How Many Times A Week Should You Do BJJ?
You should start off by training BJJ 2 or 3 days a week. This is the perfect amount for a beginner. It will allow you to make consistent and significant progress without you becoming burned out or overly fatigued. By training BJJ 2 or 3 days a week you will be excited for every BJJ training session.
Too many people start BJJ and get so excited that they want to train 5 + times a week. Now while this may sound good in theory what usually happens is these people become exhausted, burned out or injured and quickly quit BJJ, never to return again. BJJ is a marathon you need to pace yourself. Nobody got good at BJJ in a year let alone a month. By starting off slow you increase your chance of still loving the sport in a year or two.
Training BJJ 2 or 3 days a week is more than enough to derive the physical benefits from the sport. You will increase your flexibility, strength, muscle and lose some of that extra unwanted weight. BJJ is intensive enough that you do not need to train everyday to get in shape.
Is 2 Days A Week Enough For BJJ?
2 days a week of BJJ is enough to see steady and consistent improvement at the white and blue belt level. By training BJJ 2 days a week as a while belt you can expect to receive your blue belt after 2 years. It will be a bit more difficult to receive your purple belt if you only train 2 days a week but the training volume is still high enough to receive your purple belt after 5 or 6 year of training.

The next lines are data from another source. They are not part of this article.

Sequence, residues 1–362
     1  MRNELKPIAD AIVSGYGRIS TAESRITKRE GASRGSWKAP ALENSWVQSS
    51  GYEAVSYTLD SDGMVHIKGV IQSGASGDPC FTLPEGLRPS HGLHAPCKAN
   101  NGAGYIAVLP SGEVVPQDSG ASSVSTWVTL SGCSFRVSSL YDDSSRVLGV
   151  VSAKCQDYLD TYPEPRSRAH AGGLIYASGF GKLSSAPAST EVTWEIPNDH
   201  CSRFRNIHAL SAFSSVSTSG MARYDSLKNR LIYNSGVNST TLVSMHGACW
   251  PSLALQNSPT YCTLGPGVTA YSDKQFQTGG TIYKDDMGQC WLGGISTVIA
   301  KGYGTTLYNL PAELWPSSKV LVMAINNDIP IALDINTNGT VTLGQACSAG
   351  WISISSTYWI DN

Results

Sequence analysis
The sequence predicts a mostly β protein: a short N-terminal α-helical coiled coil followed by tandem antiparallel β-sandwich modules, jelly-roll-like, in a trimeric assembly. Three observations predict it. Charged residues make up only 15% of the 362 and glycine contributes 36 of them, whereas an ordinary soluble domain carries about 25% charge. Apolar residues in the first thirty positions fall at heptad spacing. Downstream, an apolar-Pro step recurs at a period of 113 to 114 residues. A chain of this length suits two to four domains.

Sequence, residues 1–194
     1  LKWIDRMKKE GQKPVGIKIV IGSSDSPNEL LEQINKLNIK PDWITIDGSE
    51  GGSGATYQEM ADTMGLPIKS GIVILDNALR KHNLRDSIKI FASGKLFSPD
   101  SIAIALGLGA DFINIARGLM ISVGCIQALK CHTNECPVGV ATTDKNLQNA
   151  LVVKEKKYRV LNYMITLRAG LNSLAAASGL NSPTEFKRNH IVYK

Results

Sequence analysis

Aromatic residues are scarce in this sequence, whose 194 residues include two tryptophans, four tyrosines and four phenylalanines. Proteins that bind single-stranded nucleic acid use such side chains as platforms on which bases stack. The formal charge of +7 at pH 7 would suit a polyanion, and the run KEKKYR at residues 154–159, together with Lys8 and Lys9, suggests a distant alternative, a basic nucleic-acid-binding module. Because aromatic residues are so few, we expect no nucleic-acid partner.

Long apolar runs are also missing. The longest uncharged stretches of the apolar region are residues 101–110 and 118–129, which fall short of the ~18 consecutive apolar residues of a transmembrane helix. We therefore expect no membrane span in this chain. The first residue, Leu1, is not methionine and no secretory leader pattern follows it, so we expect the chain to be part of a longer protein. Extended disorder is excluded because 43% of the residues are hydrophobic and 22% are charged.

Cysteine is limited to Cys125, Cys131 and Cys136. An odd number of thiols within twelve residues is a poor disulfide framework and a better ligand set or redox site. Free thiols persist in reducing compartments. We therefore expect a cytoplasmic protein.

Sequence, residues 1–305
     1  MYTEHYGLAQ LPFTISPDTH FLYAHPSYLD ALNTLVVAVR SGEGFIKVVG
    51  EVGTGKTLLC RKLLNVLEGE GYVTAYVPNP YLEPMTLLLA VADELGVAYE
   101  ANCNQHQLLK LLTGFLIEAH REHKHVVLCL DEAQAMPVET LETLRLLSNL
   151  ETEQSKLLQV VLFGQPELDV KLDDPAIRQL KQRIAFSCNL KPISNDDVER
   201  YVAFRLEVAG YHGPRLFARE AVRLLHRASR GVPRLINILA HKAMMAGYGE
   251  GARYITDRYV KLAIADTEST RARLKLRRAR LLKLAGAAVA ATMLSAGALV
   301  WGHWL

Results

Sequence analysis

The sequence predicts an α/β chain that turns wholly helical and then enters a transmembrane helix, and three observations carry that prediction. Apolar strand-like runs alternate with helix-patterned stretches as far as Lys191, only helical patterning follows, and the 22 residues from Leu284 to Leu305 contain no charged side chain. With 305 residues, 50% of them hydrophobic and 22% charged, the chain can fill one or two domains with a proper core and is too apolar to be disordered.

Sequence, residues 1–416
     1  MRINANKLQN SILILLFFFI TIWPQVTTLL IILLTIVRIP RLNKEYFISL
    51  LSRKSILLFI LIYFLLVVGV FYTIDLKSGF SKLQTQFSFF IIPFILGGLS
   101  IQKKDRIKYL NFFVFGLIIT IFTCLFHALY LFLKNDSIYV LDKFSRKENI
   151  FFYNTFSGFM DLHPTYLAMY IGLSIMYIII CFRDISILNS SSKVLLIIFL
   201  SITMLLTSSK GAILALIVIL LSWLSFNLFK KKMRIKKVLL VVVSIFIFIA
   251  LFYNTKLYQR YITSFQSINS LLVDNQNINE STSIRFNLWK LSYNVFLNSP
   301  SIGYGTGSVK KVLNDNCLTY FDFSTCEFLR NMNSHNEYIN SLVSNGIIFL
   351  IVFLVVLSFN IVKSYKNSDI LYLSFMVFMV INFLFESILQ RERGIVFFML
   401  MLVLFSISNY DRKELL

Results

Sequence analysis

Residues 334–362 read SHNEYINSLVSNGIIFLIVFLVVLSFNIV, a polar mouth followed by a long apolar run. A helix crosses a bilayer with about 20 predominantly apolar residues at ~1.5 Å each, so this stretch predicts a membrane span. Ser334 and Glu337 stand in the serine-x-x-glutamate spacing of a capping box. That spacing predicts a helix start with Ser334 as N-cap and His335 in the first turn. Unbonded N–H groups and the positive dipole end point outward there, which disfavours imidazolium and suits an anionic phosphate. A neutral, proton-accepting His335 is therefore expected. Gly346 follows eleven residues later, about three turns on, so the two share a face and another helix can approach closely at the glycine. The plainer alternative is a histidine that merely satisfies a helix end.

By training BJJ 2 days a week it will be difficult to improve if you are a purple belt or above. 2 days a week of training should be enough to prevent your skills from atrophying but it will not be enough to improve your ability. At purple belt and up you are an advanced level BJJ practitioner. You have spent over 1000 hours on the mats and know hundreds of techniques. By only training 2 days a week you will not have enough time to learn new advanced techniques and the small training volume will have little overall impact on your total training volume.